Regarding your first question, there is a key difference between your two examples. They would be more parallel if you framed the first one like this:
God is the most perfect possible being that can be thought of. Non-existence or a lack of regular competition in barbecuing championships would be an imperfection. Therefore, God exists and regularly competes in barbecuing championships.
Neither competing in barbecuing championships nor attacks on you are essential to being a perfect being or the most scary being, respectively. However, the most scary being could be argued to be one that exists, rather than one that doesn't, so:
A monster is the most scary possible being. A being that exists is scarier than one that doesn't exist. Therefore monsters exist.
If we hold existing as absolutely essential to monsterhood over other possibly scary attributes, then this holds true. But, we may be able to think of things that seem scarier that don't exist (say a plague of Tribbles on Kronos) than those that do exist, so one might argue that existence isn't essential to monsterhood.
I think Anselm makes a stronger argument towards God, however. In his rejection of Gaunilo's critique, he notes that talking about God is different than talking about the most perfect island. At the very least, we know that the definition of perfection is tied intricately to God in the Christian understanding of God, so whatever God is must be more perfect than what God isn't.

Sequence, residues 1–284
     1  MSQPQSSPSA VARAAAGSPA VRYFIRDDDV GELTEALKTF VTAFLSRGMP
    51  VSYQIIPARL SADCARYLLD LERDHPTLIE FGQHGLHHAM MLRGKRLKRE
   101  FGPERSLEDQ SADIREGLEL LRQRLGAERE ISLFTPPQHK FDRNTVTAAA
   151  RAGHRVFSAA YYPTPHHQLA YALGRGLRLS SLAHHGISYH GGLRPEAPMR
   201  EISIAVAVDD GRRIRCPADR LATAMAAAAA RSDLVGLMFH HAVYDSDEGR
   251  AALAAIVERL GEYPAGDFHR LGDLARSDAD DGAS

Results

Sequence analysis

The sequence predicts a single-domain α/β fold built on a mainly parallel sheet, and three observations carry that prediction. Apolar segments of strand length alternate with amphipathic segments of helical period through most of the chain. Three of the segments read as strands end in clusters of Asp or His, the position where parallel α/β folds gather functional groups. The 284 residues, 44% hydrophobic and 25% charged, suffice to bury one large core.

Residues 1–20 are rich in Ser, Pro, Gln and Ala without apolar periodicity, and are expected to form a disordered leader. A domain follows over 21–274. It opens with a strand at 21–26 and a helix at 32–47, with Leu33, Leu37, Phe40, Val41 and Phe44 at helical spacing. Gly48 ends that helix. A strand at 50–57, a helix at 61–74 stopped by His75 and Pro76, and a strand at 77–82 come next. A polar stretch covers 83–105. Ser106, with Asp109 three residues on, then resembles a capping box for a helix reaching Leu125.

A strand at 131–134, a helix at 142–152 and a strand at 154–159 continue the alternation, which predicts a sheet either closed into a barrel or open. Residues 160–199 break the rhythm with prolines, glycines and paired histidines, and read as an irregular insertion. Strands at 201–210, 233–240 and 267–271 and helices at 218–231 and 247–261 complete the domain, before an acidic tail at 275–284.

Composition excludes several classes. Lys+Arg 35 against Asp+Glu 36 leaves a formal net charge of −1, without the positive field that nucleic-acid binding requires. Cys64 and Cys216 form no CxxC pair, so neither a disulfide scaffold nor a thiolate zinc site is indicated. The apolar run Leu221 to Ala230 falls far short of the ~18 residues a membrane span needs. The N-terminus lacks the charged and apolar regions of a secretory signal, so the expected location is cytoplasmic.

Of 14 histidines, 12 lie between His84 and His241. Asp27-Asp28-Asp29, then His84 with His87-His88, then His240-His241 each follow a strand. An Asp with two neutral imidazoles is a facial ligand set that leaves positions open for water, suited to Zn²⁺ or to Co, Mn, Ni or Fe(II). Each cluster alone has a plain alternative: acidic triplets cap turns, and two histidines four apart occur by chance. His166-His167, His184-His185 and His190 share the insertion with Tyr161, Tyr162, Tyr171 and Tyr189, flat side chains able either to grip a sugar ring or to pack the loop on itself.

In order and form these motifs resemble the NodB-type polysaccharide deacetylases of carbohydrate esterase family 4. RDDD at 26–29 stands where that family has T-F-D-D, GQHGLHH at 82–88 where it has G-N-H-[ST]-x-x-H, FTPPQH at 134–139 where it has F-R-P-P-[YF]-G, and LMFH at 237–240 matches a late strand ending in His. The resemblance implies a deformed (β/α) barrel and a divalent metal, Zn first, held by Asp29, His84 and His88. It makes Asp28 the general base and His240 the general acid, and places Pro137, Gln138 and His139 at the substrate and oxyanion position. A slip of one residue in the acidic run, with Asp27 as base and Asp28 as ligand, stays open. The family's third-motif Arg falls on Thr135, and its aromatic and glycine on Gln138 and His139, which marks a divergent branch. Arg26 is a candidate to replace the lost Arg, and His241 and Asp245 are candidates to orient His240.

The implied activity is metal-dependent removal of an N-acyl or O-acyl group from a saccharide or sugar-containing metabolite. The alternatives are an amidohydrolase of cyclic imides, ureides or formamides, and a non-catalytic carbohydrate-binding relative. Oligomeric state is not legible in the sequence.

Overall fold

As @justbelieve notes the real rub with the argument is that it cannot prove a particular deity, even if the argument works. We might find that the most perfect possible being -- with existence being the key attribute to that being's essence -- might be very much unlike what we want to label God in a hypothetical reality where God didn't exist.
Speaking of hypothetical realities, Alvin Plantinga has a revised Ontological Argument utilizing modal logic that deals with the idea of multiple realities. Perhaps someone who is a braver soul than I would like to explain it.
Regarding your second question, the Ontological Argument's major proponents have included St. Anselm, René Descartes, Karl Barth and Alvin Platinga, just to name a few. Contra the argument within Christian tradition would be a great many others, including St. Thomas Aquinas (cf. Summa Theological 1.2, especially questions 1 for the rebuttal and 3 for his alternative).